In defiance of a judge’s court order, federal prosecutors refused to release public transcripts of recorded conversations between the Russian ambassador and Michael Flynn, The Washington Post reports. Flynn, who briefly served as President Donald Trump’s national security advisor, is currently awaiting sentencing after pleading guilty to lying to the FBI about his conversations with Russian Ambassador Sergey Kislyak.
Flynn was charged in the context of Special Counsel Robert Mueller’s investigation into Russian meddling in the 2016 elections. As a result of being caught lying to the FBI, Flynn became the shortest-serving national security advisor in U.S. history, with just 24 days on the job.
In a court filing released on Friday, the Justice Department claimed that it did not rely on the recordings to establish Flynn’s guilt or to make a sentencing recommendation, and therefore would not release the materials. They also chose not to release unreacted portions of Mueller’s report related to Flynn, which had also been ordered to be made public.
Earlier this month, U.S. District Judge Emmet G. Sullivan in Washington ordered that the DOJ release several materials related to the case in response to a motion filed by The Washington Post. Federal prosecutors did provide one item that was requested, a transcript of a voicemail left for Trump, most of which was already included in the Mueller report without redaction. Sullivan gave the department until Friday, May 31, to comply. The judge’s response to the refusal is so far unclear.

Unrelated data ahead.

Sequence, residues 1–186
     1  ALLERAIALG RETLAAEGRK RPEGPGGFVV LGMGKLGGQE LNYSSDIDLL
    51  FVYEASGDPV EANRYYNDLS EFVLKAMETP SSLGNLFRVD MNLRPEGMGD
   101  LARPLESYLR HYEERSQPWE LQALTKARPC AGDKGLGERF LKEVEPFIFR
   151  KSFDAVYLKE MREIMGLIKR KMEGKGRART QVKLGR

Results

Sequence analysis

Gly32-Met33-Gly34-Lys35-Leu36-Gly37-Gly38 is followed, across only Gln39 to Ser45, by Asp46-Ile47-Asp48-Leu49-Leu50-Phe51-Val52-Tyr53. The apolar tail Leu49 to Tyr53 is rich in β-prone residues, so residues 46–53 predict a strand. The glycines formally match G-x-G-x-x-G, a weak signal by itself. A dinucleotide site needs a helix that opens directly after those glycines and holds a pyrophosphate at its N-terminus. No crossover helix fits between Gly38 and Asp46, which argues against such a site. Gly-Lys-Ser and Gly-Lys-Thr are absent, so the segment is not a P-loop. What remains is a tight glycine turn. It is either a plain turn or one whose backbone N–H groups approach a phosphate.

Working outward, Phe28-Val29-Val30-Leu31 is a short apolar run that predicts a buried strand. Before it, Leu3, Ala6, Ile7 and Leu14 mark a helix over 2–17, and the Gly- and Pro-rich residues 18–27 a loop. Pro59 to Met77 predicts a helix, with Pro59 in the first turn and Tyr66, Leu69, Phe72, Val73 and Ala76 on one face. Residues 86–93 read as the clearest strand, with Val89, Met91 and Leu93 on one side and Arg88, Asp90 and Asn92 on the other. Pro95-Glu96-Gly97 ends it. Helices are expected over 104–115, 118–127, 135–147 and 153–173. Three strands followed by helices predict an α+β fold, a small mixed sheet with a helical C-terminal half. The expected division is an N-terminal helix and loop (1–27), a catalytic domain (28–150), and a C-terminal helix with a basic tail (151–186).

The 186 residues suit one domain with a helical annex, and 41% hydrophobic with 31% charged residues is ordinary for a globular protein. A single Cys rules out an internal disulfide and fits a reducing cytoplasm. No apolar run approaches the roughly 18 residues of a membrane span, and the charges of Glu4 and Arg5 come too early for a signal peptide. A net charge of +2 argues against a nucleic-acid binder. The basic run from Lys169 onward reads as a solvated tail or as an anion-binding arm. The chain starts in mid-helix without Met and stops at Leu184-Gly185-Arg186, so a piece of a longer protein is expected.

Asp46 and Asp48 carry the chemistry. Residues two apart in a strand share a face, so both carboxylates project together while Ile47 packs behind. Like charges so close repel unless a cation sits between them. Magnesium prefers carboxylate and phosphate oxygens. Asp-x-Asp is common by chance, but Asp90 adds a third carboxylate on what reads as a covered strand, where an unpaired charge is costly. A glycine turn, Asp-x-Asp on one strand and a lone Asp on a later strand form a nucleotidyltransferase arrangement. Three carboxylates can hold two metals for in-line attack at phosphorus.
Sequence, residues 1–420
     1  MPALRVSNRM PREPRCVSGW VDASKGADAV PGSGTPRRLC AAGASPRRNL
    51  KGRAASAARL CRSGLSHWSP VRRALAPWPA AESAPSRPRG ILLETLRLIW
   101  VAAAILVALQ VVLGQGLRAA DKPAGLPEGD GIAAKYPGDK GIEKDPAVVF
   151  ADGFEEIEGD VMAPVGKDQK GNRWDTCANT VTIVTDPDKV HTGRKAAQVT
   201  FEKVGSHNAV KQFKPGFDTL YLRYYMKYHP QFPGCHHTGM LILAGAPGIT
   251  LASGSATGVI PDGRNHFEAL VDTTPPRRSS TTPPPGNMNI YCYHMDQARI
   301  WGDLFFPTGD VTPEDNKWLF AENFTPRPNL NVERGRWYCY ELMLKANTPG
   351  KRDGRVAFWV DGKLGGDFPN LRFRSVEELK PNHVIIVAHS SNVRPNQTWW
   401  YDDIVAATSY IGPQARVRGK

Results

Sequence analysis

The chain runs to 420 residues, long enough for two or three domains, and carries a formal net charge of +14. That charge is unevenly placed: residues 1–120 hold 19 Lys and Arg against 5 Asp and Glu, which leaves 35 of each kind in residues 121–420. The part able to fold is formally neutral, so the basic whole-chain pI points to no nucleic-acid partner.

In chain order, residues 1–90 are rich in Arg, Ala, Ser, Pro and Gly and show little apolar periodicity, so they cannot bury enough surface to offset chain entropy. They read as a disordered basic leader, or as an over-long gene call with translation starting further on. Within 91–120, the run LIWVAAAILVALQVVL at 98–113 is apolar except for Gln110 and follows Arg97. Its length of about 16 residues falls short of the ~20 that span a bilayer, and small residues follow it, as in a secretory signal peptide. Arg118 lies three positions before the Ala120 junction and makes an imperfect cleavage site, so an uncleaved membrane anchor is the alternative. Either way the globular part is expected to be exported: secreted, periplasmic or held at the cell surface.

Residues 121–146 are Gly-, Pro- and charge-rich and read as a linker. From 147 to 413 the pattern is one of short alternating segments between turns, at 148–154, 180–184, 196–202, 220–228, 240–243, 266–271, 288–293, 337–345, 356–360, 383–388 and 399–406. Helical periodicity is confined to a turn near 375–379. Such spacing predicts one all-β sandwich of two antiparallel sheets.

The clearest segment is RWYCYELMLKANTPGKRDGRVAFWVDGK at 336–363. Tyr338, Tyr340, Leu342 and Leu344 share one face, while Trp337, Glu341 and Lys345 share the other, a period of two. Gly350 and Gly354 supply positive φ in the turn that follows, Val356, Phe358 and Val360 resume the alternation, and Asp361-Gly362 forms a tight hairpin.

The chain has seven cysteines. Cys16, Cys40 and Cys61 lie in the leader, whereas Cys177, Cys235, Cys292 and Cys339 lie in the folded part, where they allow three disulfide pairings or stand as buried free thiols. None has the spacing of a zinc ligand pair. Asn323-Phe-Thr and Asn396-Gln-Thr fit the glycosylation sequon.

Justice Department fails to comply with court order to release transcripts of Michael Flynn’s conversations with Russian ambassador https://t.co/iHgP6aBeGY— Catherine Rampell (@crampell) May 31, 2019
As for the voicemail which was released, the transcript reflected a message that John Dowd, an attorney for Trump, left for Robert Kelner, a lawyer for Flynn, in November of 2017. The message was left shortly after Flynn had begun to cooperate with Mueller’s team in their pursuit of the Russia investigation, and it was looked into by the special counsel’s office as part of their attempt to determine whether or not the president had attempted to obstruct justice with respect to that investigation.
“I understand your situation, but let me see if I can’t state it in starker terms,” Dowd said on behalf of Trump, adding that if “there’s information that implicates the President, then we’ve got a national security issue.”
The message continues.
“So you know, we need some kind of heads up,” he said. “Um, just for the sake of protecting all our interests if we can, without you having to give up any…confidential information….remember what we’ve always said about the President and his feelings toward Flynn and, that still remains.”
Dowd maintains that there was nothing improper about the message.